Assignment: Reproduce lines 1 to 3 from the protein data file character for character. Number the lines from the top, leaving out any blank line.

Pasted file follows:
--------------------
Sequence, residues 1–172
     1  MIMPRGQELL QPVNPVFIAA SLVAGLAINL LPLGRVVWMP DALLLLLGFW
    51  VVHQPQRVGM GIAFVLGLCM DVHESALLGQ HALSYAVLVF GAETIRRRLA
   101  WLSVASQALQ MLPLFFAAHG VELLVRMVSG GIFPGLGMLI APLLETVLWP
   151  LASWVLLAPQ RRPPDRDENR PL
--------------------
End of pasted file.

Sequence, residues 1–172
     1  MIMPRGQELL QPVNPVFIAA SLVAGLAINL LPLGRVVWMP DALLLLLGFW
    51  VVHQPQRVGM GIAFVLGLCM DVHESALLGQ HALSYAVLVF GAETIRRRLA